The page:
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Time: 8:42:23 PM
Remote Name: 220.127.116.11
First of all, most people are not prone to fainting when they give blood. Secondly, you said that you didn't know you were going to faint. That's fair enough, but you also state that you felt "woozy" and that you thought that you were "going to vomit". I am certain that if you had said to the nurse, "I feel woozy" or "I think I'm going to vomit" she could have had you lie down which would have prevented the fall that broke your nose. It only would have taken you a second. If you didn't know you were going to pass out, how do expect that the nurse would have known? I think you'd be better off spending your money on quality medical care that would help you find a treatment for the vasovagal syncope rather than on a lawyer. By the way, there is not an examining table on the face of the earth in any doctor's office that has siderails. The siderails would prevent the doctor from examining patients adequately.
From: Kelly in Australia
I am a 34 yr old female who has suffered from vaso-vagal syncope since the age of 4. I also have had tachycardia (fast heart rate) all my life. My personal experience includes suffering syncope following any type of incident that causes shock to my body. This includes painful bowel movements, prior to vomiting, following any injury that causes bleeding or intense pain, dental procedures, needles and blood tests. At the age of 28 I began suffering from Reynaud's Phenomenon. Despite this peripheral circulatory disorder, I have normal blood pressure when tested, and have been in otherwise good health all my life.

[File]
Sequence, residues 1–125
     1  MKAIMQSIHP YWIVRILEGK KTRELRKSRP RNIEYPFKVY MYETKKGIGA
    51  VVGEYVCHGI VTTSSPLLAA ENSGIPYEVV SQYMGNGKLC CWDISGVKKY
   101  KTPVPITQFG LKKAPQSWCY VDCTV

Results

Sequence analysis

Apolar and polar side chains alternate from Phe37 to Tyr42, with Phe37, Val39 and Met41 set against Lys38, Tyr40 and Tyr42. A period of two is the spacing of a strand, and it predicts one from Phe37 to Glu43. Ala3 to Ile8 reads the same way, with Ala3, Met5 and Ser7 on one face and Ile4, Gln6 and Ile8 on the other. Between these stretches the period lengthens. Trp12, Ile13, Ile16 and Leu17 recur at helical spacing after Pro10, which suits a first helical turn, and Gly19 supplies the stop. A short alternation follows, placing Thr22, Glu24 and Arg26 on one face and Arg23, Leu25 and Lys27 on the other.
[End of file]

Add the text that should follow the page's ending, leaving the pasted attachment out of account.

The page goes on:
I always feel the onset of syncope, my body goes into a cold sweat and I can feel a dizziness as my blood pressure drops. Lying down does not help me to avoid the faint, and when I do lose conciousness my body goes into convulsions, and sometimes my heart sometimes stops beating for a few seconds. I have managed to avoid vaso-vagal syncope when having a blood test only by going in with a full to bursting bladder. The need to relieve myself seems to keep me conscious.
My concern is because I have never been to hospital for any kind of operation. I am wondering if the insertion of a drip would cause me to become vaso-vagal? I am also concerned about pregnancy and most of all I am wondering if being vaso-vagal increases my likelihood of heart disease? Does anyone know of evidence that vaso-vagal sufferers have a lower rate of mortality?
I thank you in anticipation of your replies of related experiences.
I have never completely fainted, but instead 3-4 times a day I have near syncope episodes. At first I attributed them to standing up fast, but now I can say I have had some episodes while I was walking down a hall at work. I would describe the majority of my episodes to be sever blurred vision and I become off-balanced. I have went to 3 doctors and so far the best diagnosis is Vaso-Vagal Pseudo (or Near) Syncope. Do others experience near syncope daily?